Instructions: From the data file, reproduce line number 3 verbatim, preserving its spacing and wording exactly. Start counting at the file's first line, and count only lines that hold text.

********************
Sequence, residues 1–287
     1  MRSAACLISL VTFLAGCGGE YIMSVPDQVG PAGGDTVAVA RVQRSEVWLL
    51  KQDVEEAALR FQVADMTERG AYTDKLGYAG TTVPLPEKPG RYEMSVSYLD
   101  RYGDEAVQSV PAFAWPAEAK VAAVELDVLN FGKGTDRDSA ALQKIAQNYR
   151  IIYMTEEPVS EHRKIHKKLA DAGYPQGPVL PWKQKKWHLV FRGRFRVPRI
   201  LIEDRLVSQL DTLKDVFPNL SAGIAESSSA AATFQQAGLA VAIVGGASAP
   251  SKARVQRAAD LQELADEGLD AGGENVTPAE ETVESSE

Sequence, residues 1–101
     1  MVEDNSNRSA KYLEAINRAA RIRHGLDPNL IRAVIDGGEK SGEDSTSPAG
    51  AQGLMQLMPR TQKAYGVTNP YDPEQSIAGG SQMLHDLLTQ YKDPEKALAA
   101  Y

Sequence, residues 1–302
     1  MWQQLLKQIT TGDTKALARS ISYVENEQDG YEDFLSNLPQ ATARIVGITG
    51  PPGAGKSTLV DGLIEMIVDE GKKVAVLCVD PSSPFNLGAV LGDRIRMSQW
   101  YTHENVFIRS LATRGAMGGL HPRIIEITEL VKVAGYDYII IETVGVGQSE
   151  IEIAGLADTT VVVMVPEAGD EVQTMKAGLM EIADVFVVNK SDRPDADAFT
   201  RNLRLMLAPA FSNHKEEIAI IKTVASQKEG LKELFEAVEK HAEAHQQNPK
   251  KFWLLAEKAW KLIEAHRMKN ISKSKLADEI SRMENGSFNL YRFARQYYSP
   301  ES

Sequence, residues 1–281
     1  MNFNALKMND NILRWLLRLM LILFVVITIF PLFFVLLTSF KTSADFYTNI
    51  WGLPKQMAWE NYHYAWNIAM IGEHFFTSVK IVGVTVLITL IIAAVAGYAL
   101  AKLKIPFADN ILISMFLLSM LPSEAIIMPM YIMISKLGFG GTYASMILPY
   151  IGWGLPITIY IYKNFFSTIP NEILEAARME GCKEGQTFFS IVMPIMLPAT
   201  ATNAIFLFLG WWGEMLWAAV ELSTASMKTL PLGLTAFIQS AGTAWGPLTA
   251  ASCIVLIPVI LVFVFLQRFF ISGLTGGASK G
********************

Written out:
    51  KQDVEEAALR FQVADMTERG AYTDKLGYAG TTVPLPEKPG RYEMSVSYLD